I'm a 19 year old female who has had vertigo for the past 2 weeks. It started one morning when I woke up and I couldn't cross the room without swaying. Ever since then I have had dizziness. I've noticed it's worse when I am sitting for too long, and it's better when I'm lying down. I went to the doctor today and she told me my blood pressure was low and so was my blood glucose. However, after eating sugar like she suggested, the dizziness increased. It also gets worse as the day progresses and I often feel like it's an effort to keep my head upright. I have no idea why this is happening and I'd really like it to stop. Any ideas?
Thanks for writing to the forum!
“Vertigo can be caused by disorders of body parts that are involved in maintaining balance:
• Inner ear
• Brain stem and cerebellum
• Nerve tracts connecting the brain stem and cerebellum or within the brain stem
Inner Ear Disorders: Most commonly, vertigo results from motion sickness. Motion sickness may develop in people whose inner ear is sensitive to particular motions, such as swaying or sudden stopping and starting.
Another common cause of vertigo is an abnormal collection of calcium particles in one semicircular canal of the inner ear. The resulting disorder, called benign paroxysmal positional vertigo, or BPPV, is especially common among older people. It occurs when the head is moved in certain ways.
Meniere's disease produces attacks of vertigo. The cause of Meniere's disease is thought to involve excess fluid in the inner ear (hydrops). What triggers this is unknown, but it may result from an autoimmune reaction, an allergy, an imbalance in the autonomic nervous system, a blockage to certain structures in the ear, or a viral infection.
Disorders of the vestibulocochlear nerve can cause vertigo, a hearing disorder, or both.
Other disorders that may cause vertigo by affecting the inner ear or its nerve connections include the following:
• Bacterial or viral infections, such as vestibular neuritis, herpes zoster, and mastoiditis
• Paget's disease
• Tumors, such as an auditory nerve tumor
• Inflammation of nerves
The inner ear may also be damaged by drugs, such as aminoglycoside antibiotics, aspirin
, the chemotherapy drug cisplatin, the sedative Phenobarbital, the anticonvulsant phenytoin, the antipsychotic chlorpromazine and certain diuretics including furosemide Excessive use of alcohol can cause temporary vertigo.
Disorders That Affect the Brain: A decrease in the blood supply through arteries to the brain stem, cerebellum, and back of the brain can cause vertigo. This decrease is called vertebrobasilar insufficiency because the arteries affected include the vertebral and basilar arteries. If the decreased blood supply causes temporary symptoms, a transient ischemic attack (TIA) is diagnosed. If permanent damage results, a stroke is diagnosed.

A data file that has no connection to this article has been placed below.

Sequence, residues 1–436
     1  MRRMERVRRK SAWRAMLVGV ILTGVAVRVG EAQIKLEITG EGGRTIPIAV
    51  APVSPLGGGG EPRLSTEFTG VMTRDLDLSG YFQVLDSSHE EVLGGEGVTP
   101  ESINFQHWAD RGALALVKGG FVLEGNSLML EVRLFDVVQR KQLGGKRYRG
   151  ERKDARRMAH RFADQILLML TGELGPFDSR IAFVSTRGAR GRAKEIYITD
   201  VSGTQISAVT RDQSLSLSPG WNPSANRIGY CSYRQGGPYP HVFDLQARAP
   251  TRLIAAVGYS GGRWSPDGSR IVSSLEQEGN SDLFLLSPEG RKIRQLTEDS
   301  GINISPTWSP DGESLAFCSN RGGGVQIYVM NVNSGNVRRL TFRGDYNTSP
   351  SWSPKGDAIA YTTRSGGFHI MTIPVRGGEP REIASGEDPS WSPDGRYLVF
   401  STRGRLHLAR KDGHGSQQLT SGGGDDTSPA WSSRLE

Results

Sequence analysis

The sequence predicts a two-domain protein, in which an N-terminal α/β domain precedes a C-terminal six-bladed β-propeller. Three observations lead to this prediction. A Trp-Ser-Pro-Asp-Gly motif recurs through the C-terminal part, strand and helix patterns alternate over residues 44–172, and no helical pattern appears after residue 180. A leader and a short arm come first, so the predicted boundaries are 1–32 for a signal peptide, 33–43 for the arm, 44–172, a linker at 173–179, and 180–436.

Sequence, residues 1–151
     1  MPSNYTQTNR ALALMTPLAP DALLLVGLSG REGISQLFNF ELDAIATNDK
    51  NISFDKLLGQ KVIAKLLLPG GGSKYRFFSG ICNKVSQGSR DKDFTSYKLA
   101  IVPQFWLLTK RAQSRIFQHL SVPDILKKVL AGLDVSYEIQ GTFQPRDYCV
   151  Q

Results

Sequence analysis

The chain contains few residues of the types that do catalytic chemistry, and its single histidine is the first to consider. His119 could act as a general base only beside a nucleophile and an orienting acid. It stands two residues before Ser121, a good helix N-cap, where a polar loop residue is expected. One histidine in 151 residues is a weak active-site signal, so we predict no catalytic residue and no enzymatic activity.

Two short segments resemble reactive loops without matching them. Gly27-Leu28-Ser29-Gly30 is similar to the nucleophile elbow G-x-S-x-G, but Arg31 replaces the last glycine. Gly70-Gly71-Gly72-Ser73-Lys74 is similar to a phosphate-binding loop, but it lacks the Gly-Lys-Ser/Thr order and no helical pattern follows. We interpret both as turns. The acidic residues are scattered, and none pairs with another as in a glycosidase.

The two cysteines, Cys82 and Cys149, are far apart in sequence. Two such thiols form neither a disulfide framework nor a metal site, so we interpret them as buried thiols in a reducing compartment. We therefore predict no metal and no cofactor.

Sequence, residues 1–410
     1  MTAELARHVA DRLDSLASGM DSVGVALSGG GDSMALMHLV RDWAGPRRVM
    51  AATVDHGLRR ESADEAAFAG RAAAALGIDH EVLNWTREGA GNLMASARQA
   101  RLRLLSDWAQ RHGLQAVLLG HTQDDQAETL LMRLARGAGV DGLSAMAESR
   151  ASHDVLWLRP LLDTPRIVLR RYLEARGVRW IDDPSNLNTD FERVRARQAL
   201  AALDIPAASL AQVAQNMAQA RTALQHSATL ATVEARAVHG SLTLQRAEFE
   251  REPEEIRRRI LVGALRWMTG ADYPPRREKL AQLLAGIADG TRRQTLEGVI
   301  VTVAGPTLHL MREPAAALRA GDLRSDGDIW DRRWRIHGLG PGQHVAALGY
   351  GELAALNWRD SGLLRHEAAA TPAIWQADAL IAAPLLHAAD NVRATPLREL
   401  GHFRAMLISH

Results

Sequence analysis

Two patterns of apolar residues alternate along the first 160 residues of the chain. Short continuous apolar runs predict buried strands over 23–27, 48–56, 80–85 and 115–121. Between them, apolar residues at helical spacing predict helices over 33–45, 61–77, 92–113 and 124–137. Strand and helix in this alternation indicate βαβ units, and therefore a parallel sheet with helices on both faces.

Less common disorders that cause vertigo by affecting the brain stem or cerebellum include multiple sclerosis, fractures at the base of the skull, head injuries, seizures, infections, and tumors growing in or near the base of the brain. Vertigo can sometimes be part of a migraine attack and occasionally occur without the headache.
Occasionally, vertigo is caused by disorders that suddenly increase pressure within the skull, putting pressure on the brain. These disorders include benign intracranial hypertension, brain tumors, and bleeding (hemorrhage) within the skull.” Refer: http://www.merck.com/mmhe/sec06/ch080/ch080c.html
Dizziness could be due to postural hypotension (blood pressure falling with change of position), internal ear problems and cervical spondylitis. All these cause dizziness when you get up from lying down position. Cervical spondylitis and ear problems also cause dizziness on changing the position of the neck.
Other causes are anemia, GERD, hypoglycemia or low sugar and some endocrine problems.
Hope this helps. . I think you should discuss these possibilities with your doctor. It is difficult to comment beyond this without examining. A comprehensive investigation is required keeping all the points in mind. Please let me know if there is any thing else and do keep me posted. Take care!
Copyright 1994-2017MedHelp International.All rights reserved. MedHelp is a division of Aptus Health.
The Content on this Site is presented in a summary fashion, and is intended to be used for educational and entertainment purposes only. It is not intended to be and should not be interpreted as medical advice or a diagnosis of any health or fitness problem, condition or disease; or a recommendation for a specific test, doctor, care provider, procedure, treatment plan, product, or course of action. Med Help International, Inc. is not a medical or healthcare provider and your use of this Site does not create a doctor / patient relationship. We disclaim all responsibility for the professional qualifications and licensing of, and services provided by, any physician or other health providers posting on or otherwise referred to on this Site and/or any Third Party Site. Never disregard the medical advice of your physician or health professional, or delay in seeking such advice, because of something you read on this Site. We offer this Site AS IS and without any warranties. By using this Site you agree to the following Terms and Conditions. If you think you may have a medical emergency, call your physician or 911 immediately.